two people sitting a table smiling together

Is it here already? Are they over yet? Yes, it is here! The holiday season is after all the “most wonderful time of the year”, or is it? For some of us holidays with loved ones can be stressful, for others it can be a joyous time, while others may find it normal. Whatever it is you feel every holiday season, remember your mental health and wellness are important.  

According to National Alliance on Mental Health, 64% of people with mental illness report holidays make their conditions worse (*1).  While the holiday stress may be temporary, if no action is taken, it has the possibility of developing into mental health disorders even after the holiday season is over. 

Here are some tips to help you manage your stress this holiday season:

1.) No uncle Johnny, no!

Does Uncle Johnny want you to continue the family tradition of cooking a seven-course meal for all 57 of your family members? This is the year to set realistic expectations by telling loved ones that you will be starting a new family tradition. Focus on what you can do to make this holiday season the best it can be. 

2.) Holiday Planner 

Plan ahead. Try to space your plan and responsibility so that you don’t have to rush to complete them the night before. Prepare baked items and freeze them, set aside days to shop, and prepare a shopping list. Who says planning needs to happen the month or week off? Start early to help you decrease stress. There are a lot of online toolkits and applications that can help you plan your holiday celebration. 

3.) Live. Love. Laugh.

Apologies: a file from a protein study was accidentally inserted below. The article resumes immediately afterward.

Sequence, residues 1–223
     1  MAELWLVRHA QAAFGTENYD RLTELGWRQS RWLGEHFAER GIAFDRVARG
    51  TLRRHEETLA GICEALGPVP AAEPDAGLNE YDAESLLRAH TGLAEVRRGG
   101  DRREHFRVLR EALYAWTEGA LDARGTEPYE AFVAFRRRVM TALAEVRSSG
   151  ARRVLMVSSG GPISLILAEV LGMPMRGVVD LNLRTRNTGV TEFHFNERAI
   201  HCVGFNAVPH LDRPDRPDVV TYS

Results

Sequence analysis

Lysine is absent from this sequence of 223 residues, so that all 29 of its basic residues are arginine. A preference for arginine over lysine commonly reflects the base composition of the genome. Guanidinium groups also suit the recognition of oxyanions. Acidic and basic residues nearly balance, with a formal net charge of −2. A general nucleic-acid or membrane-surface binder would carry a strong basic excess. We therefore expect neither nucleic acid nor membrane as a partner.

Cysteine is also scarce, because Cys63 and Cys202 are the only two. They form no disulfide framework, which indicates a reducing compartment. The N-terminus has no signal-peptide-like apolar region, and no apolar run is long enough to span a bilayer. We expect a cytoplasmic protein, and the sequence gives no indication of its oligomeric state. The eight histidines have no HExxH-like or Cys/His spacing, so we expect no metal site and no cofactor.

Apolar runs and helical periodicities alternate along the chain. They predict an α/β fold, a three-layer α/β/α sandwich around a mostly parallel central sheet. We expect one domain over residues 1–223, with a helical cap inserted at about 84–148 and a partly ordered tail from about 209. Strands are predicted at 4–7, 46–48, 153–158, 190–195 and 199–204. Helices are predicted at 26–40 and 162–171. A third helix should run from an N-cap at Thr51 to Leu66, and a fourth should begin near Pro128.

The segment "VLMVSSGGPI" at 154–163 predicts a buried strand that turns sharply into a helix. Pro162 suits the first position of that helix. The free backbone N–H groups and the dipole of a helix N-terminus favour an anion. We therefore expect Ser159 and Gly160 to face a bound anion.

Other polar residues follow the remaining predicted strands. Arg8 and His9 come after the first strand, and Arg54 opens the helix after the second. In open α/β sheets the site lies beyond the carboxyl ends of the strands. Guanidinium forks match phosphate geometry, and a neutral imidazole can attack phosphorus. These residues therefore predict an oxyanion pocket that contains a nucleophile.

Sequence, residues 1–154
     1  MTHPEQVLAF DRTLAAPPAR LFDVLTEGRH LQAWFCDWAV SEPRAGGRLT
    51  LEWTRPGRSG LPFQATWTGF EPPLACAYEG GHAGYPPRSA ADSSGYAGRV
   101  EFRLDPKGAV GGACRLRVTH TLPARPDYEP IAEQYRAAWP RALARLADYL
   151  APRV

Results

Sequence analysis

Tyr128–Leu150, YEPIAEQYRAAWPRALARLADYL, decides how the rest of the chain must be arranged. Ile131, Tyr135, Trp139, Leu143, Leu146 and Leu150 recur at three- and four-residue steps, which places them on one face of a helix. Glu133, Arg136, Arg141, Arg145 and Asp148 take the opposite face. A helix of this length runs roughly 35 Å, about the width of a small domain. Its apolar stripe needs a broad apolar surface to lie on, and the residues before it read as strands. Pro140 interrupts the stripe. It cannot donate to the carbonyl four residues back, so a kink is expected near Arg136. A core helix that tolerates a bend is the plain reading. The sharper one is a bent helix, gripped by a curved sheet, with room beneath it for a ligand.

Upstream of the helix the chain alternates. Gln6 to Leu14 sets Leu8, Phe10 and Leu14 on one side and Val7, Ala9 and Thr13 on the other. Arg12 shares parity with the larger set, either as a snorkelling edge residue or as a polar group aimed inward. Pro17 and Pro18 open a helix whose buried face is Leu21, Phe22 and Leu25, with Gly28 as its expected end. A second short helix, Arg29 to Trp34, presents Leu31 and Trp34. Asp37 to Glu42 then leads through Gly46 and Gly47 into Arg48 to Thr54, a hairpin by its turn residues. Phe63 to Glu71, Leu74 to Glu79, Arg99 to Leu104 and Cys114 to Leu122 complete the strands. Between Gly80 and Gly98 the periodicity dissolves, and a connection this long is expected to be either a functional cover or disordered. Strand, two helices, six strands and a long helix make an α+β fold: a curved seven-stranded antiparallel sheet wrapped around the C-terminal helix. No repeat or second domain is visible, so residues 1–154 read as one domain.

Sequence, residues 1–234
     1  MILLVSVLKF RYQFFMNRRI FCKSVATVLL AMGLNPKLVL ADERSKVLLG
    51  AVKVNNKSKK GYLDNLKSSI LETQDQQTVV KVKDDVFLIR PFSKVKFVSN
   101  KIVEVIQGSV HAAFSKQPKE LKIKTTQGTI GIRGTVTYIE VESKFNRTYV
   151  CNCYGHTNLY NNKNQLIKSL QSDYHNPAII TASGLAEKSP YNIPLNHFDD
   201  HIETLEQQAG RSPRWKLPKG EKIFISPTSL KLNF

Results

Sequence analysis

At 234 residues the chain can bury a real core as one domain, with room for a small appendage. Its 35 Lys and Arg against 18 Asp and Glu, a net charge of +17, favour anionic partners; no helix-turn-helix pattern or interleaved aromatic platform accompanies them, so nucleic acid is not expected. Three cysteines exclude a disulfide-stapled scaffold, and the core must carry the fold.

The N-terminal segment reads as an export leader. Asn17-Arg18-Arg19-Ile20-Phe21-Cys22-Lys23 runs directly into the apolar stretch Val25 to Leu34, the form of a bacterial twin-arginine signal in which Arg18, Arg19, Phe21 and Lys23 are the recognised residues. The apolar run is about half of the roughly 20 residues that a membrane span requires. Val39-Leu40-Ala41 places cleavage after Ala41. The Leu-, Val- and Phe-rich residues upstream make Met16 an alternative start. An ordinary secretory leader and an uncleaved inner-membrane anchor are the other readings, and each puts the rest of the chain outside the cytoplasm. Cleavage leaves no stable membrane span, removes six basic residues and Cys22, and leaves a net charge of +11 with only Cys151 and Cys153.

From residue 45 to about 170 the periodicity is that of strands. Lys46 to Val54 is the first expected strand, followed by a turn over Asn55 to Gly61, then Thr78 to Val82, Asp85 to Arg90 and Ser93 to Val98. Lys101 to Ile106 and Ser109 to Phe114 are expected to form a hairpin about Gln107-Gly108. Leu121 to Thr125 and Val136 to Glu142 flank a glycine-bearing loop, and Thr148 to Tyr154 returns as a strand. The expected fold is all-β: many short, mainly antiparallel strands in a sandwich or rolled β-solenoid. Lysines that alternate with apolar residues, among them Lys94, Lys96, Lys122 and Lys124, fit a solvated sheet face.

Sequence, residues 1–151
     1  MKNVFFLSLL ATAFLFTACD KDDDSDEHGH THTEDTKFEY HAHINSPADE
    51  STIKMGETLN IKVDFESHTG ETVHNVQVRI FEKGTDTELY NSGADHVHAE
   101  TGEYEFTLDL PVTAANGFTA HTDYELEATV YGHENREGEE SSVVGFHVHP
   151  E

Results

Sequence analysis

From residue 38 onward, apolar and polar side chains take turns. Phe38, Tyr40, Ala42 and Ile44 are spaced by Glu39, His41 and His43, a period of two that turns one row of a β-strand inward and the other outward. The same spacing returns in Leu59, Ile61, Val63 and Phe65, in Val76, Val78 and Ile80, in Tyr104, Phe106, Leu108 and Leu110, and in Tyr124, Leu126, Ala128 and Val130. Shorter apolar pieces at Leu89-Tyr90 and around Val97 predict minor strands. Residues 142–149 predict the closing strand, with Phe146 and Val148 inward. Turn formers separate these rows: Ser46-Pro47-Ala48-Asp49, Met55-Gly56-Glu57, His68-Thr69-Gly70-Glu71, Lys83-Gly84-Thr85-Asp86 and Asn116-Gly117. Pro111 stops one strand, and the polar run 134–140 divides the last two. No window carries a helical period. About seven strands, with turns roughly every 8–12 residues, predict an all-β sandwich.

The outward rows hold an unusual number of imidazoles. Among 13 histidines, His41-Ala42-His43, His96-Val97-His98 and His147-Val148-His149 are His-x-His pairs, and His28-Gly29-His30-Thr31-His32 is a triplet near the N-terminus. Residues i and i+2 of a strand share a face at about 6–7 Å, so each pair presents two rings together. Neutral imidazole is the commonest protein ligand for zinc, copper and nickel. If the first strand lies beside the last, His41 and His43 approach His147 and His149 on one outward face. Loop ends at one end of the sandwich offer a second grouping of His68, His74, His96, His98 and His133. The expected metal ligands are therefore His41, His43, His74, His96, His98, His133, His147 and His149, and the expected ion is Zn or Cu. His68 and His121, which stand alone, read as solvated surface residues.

I know it’s super cheesy, but it’s true. Live, breathe, and enjoy every moment of your life. Love yourself enough to make sure you are included in the list of priorities. Laugh it out when things don’t go as planned. After all, what is life without humor? Speaking of humor, make sure to add activities that make you laugh before, during, and after the holidays. Whether it’s a game, book, movie, or TV show, always incorporate laughter in your life.  

4.) Thanks, Taylor Swift! 

Shake it off like Mama Taylor told us to! Research shows that physical activity not only boosts your fitness and energy levels but can also elevate your moods (*2). No matter where you are in your physical activity level, always remember a little movement goes a long way. Start before the holiday season and continue right into and beyond the season. If the weather permits, enjoy a stroll in the park or a hike in the woods. Why not plan a dance party instead? Either way, move and shake off your stress. 

5.) My happy tree. 

When you are decorating your home, and perhaps your tree, make sure it is done for happiness, not perfection. You live in the house where the tree and other decorations will be residing for at least three months. No matter how the decorations are done, make sure it brings joy and happiness. 

several wrapped presents on top of a red back drop

Whether this is your first year celebrating the holiday season in the United States or it has been a generational celebration, remember this season is about love, hope, faith, giving, and joy. This includes the love for yourself, the hope for your future, the faith you have in your overall health, the giving of self-love, and the overall joy of your well-being. Have a happy holiday. 

Please remember help is available if you have suicidal thoughts, are feeling overwhelmed, feel you cannot cope or are using drugs or alcohol more frequently as a result of stress. Contact the National Suicide Prevention Lifeline at 1-800-273-8255 

1* National Alliance on Mental Health,. (2014, February 9). Mental Health and the Holiday Blues | NAMI: National Alliance on Mental Illness. NAMI. Retrieved October 22, 2021, from https://www.nami.org/Press-Media/Press-Releases/2014/Mental-health-and-the-holiday-blues  

2* Guszkowska, Monika. “Effects of exercise on anxiety, depression and mood.” Psychiatria polska vol. 38,4 (2004): 611-20.